Cluster bombs are made up of a hollow shell that explodes in mid-air, dispersing dozens or even hundreds of smaller 'bomblets' over a wide area. Russia is not a party to a 2008 convention banning cluster munitions although it is bound by international humanitarian law, particularly the prohibition against indiscriminate attacks.
Asked about a potential change in Facebook policy that would allow some users to call for violence against Russians and Russian soldiers, Throssell called it "concerning" and said her office would raise it with the company.
The fighting continues
Three airstrikes launched Friday morning towards the central Ukrainian city of Dnipro killed at least one person, state emergency services said, adding that the strikes were close to a kindergarten and an apartment building. Additionally, four were killed and six were injured in Russian strikes on an airfield in Lutsk, according to Pravda.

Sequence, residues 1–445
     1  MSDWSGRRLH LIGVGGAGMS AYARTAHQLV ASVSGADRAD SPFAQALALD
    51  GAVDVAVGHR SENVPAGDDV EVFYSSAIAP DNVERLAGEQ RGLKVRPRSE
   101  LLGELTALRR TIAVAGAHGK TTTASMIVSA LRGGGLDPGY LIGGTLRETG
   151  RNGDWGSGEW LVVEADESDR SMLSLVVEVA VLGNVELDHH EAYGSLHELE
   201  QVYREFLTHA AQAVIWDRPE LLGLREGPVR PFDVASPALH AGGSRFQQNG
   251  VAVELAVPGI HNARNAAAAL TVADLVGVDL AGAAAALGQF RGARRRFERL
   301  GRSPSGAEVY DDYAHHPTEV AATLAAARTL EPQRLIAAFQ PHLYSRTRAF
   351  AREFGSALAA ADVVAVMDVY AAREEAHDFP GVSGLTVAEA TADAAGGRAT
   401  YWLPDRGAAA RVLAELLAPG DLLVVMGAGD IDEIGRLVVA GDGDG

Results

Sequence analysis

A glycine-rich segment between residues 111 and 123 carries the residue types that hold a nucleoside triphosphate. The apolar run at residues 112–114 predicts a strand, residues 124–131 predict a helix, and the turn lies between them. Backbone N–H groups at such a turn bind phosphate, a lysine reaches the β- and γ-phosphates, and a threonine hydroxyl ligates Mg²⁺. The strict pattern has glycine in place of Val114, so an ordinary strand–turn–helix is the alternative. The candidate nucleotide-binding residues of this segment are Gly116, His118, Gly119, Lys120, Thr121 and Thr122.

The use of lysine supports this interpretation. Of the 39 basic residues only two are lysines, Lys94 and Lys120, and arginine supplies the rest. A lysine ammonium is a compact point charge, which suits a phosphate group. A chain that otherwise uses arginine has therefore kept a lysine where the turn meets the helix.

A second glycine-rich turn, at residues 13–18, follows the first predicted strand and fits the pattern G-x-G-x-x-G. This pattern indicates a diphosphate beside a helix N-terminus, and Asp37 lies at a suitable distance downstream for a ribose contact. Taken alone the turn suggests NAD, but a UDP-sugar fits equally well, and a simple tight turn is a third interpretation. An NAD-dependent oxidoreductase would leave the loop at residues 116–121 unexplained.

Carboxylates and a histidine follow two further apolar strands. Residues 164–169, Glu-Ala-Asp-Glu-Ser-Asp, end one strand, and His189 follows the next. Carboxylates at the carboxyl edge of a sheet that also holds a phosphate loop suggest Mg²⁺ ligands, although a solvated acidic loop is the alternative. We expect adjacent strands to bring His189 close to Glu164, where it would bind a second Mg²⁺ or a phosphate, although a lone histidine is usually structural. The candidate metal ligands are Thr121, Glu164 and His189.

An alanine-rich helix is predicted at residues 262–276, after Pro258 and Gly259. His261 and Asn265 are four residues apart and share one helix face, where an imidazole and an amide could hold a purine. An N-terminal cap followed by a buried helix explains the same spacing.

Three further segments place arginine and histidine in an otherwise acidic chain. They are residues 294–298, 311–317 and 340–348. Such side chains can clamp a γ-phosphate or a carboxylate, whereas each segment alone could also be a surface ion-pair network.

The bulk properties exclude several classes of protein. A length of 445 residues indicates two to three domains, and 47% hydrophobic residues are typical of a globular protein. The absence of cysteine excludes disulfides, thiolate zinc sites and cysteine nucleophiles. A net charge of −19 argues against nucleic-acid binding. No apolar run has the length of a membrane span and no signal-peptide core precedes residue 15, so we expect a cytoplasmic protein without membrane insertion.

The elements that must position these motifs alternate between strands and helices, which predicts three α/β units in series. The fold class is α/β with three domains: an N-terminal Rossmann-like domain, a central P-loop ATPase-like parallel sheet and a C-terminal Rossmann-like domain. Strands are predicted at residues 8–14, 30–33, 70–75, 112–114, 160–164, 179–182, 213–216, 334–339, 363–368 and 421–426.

Casualties were reported in the Sumy Oblast due to Russian artillery shelling, with two civilians killed in Kerdylivshchyna village, according to Pravda.
Russian forces hit a psychiatric hospital near the eastern Ukrainian town of Izyum on Friday, regional authorities said.
Oleh Synegubov, governor of the Kharkiv region, said 330 people had been at the hospital and that 73 were evacuated. The number of casualties was being established, he said, describing it as a "brutal attack on civilians."
The eastern Ukrainian city of Kharkiv is under relentless bombardment from Russian forces, the city's mayor said in a televised interview on Friday.
"As of today, 48 (of the city's) schools have been destroyed," said Mayor Ihor Terekhov. The city has a peacetime population of about 1.4 million.
On Sunday, Ukraine warned that Russia was mustering forces to encircle Dnipro, home to about one million people before the invasion started.
The mayor of Odessa on Friday warned that Russia will try to surround the city to carry out a possible naval assault, and may even go via Transnistria, the Russian-aligned breakaway in Moldova, to do so.
Strategic turning point
President Volodymyr Zelensky said on Friday that Ukraine had reached a strategic turning point in its war with Russia, but cautioned that it was not possible to say how long fighting would continue.